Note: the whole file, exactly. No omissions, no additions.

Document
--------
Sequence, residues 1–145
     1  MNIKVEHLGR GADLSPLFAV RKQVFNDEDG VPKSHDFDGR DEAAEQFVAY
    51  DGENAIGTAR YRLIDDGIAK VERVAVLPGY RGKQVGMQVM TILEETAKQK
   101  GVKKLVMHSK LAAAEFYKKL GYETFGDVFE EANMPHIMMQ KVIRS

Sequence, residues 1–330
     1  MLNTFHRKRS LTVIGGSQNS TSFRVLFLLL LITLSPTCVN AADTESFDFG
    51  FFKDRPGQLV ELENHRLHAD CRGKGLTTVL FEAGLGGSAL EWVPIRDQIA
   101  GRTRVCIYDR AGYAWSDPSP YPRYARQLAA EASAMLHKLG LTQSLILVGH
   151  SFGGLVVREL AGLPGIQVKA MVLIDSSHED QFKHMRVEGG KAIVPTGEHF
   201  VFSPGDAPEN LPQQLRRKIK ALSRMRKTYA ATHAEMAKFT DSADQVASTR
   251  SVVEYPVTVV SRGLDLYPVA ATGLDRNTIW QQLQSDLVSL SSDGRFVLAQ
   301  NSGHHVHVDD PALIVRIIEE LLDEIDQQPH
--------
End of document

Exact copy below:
Sequence, residues 1–145
     1  MNIKVEHLGR GADLSPLFAV RKQVFNDEDG VPKSHDFDGR DEAAEQFVAY
    51  DGENAIGTAR YRLIDDGIAK VERVAVLPGY RGKQVGMQVM TILEETAKQK
   101  GVKKLVMHSK LAAAEFYKKL GYETFGDVFE EANMPHIMMQ KVIRS

Sequence, residues 1–330
     1  MLNTFHRKRS LTVIGGSQNS TSFRVLFLLL LITLSPTCVN AADTESFDFG
    51  FFKDRPGQLV ELENHRLHAD CRGKGLTTVL FEAGLGGSAL EWVPIRDQIA
   101  GRTRVCIYDR AGYAWSDPSP YPRYARQLAA EASAMLHKLG LTQSLILVGH
   151  SFGGLVVREL AGLPGIQVKA MVLIDSSHED QFKHMRVEGG KAIVPTGEHF
   201  VFSPGDAPEN LPQQLRRKIK ALSRMRKTYA ATHAEMAKFT DSADQVASTR
   251  SVVEYPVTVV SRGLDLYPVA ATGLDRNTIW QQLQSDLVSL SSDGRFVLAQ
   301  NSGHHVHVDD PALIVRIIEE LLDEIDQQPH